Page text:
This post was originally published on Live to Write – Write to Live where I blog about writing and publishing with a diverse group of literary friends.

In the first two parts of this series, we covered identifying features and social graces. This installment is all about blogging “side orders” – all those widgets and extras that live, typically, in the sidebar of your blog.

First, in case you have no idea what a “sidebar” is, it’s the area of your blog – usually on the right-hand side of the page – that lives off to the side of your main content area. This is where visitors to your blog will automatically look for certain information about you and your writing. There are dozens of different things you can put in this space; deciding which ones to use can be confusing. There are, however, a core set of tools that can help you boost engagement with your blog and your brand around the web. Here’s my list of faves in order of priority (top to bottom on your blog page) and what they can do for your readers:

Help readers connect with you: Before anything else, give people an easy way to friend/follow you and subscribe to your blog and/or newsletter. You can get all the details in part 2 of this series, but the basic idea is to give readers one-click access to staying in touch with you.

Make readers an offer: If you’ve got something to sell or give away, don’t bury it! Have you published a book? Feature an image of the book with a link to your indie or Amazon page. Do you have a downloadable e-book? Put the image, a brief descriptor, and link front and center. Do you offer coaching, editing, or some other service? Write up a little blurb with a link to an offer-specific page on your site.

Welcome new readers: First-time visitors to your blog will want to know what you’re all about. In addition to the identifying features we talked about in part 1 of this series, you can give newbies a customized list of posts and pages that will act as a virtual tour of your blog and help them get to know you quickly. This is often labeled as the “start here” content and can include links to everything from your about page, a custom welcome message page, to your all-time top posts.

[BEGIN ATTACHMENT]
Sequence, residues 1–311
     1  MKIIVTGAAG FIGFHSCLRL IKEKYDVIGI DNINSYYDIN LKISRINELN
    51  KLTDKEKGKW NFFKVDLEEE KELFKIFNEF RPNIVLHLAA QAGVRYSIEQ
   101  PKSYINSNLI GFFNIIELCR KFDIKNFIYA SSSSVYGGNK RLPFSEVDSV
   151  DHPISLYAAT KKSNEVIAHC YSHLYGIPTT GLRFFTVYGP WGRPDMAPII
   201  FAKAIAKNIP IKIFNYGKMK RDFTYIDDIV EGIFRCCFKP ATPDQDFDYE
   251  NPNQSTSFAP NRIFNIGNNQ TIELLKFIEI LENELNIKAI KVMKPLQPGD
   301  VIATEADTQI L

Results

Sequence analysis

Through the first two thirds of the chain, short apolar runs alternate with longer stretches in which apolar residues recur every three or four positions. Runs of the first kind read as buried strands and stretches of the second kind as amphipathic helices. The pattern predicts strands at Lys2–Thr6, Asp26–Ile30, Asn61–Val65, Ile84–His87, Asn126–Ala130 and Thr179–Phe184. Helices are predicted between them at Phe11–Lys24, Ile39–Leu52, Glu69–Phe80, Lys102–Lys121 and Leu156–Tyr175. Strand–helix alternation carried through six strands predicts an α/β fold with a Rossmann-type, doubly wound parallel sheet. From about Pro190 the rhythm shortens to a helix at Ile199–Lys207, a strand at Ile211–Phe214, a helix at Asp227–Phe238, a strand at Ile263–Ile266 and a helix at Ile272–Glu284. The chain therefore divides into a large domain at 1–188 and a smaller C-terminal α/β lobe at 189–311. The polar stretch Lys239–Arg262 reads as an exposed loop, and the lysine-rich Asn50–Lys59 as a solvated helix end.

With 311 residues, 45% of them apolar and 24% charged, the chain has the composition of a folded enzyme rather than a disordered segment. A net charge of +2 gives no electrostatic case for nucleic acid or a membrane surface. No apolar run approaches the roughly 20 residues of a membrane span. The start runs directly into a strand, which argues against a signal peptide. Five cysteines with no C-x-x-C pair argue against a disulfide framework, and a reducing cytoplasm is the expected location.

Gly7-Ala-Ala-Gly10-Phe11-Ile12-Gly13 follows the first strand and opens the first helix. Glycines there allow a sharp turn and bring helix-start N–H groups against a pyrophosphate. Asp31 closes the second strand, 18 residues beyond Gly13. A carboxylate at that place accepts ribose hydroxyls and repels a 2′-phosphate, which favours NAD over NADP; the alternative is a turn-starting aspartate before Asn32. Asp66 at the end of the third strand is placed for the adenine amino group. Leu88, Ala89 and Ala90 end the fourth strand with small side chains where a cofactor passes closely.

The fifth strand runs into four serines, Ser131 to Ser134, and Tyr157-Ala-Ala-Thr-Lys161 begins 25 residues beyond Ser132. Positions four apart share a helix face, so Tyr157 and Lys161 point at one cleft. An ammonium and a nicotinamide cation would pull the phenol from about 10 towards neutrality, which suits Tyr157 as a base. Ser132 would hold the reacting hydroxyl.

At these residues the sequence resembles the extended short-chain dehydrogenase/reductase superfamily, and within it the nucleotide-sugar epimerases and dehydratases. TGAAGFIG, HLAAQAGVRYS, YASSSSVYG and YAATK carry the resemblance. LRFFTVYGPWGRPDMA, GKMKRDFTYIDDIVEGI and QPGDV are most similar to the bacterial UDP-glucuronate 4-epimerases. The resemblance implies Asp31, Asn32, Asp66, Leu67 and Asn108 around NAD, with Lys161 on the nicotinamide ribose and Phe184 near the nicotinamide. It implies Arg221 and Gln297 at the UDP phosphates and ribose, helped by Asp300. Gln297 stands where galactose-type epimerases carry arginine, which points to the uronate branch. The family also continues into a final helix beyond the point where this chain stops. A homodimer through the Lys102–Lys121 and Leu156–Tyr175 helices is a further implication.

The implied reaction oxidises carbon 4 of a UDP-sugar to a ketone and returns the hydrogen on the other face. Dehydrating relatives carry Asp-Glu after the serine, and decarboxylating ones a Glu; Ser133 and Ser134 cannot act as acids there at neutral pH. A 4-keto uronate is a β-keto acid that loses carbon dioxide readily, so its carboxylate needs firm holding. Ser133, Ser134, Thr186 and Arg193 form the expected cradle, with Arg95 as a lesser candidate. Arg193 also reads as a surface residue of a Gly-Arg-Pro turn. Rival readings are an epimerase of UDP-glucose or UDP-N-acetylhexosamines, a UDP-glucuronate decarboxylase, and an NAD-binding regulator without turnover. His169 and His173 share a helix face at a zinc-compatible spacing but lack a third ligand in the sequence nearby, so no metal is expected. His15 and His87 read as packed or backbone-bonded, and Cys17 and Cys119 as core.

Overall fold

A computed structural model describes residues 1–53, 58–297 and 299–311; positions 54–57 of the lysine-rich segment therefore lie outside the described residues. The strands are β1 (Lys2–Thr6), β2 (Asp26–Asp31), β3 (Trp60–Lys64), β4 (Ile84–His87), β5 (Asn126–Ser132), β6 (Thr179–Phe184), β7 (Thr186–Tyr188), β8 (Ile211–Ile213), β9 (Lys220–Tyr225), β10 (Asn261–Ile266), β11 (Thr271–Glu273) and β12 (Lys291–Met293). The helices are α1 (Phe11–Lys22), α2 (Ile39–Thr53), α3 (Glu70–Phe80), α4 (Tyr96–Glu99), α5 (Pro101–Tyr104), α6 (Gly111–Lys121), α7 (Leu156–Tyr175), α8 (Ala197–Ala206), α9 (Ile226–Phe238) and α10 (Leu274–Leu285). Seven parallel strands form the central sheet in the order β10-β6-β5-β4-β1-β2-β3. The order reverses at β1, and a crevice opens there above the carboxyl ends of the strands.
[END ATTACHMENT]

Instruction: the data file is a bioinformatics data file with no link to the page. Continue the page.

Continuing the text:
Keep readers up-to-date: Do you participate in real-world or virtual events like readings, classes, webinars, book signings, etc? Dedicate some of your sidebar space to highlight upcoming events with links to more information, registration pages, etc.

Encourage readers to dig deeper: In most cases, a new visitor to your blog will have arrived there because one of your posts attracted her attention. Once you have her on your site, you want to encourage her to explore more of your writing. For your sidebar, you can use “recent posts” and “recent comments” feeds to provide a snapshot of your most current topics and where people are engaging in conversation. “Most popular posts” is another common feed that features posts with the most visits or comments. Many blog themes come with these tools built-in, but there are also various widgets that will perform the function for themes that don’t include the functionality. Another popular tactic for getting readers to engage with you is to import your Twitter feed to your sidebar. This will take readers off your blog, but it has the benefit of engaging them on an additional platform. Finally, though not technically a sidebar tool, the “More posts like this” plug-in is another great way to gently lead people further into your site. Available in a variety of formats, the purpose of this tool is to serve up links (and sometimes image thumbnails) to other posts on your site that might be relevant to the post the reader just read. These links appear at the bottom of your posts and make it easy for readers to “hop” from post to post.

There are many (many!) more widgets, plug-ins, and tools that you can use in your sidebar, but these are some of the most effective for getting readers to engage more actively with your content (and you!). Although they can be interesting, I shy away from lengthy blog rolls, photo streams, badges, and tag clouds. I prefer to focus on side orders that will give my readers a way to actively participate in my community or interact with my content. Give these tools some real estate on your blog and you’ll be all that and a side of fries!

What are your favorite ways to encourage engagement with side orders? Have you had success with any of these tools on your own blog? Have you used these tools as a reader of someone else’s blog? 

Jamie Lee Wallace is a writer who, among other things, works as a marketing strategist and copywriter. She helps creative entrepreneurs (artists, writers, idea people, and creative consultants) discover their “natural” marketing groove so they can build their business with passion, story, and connection. She also blogs. A lot. She is a mom, a singer, and a dreamer who believes in small kindnesses, daily chocolate, and happy endings. Look her up on facebook or follow her on twitter. She doesn’t bite … usually.

Image Credit: waggaway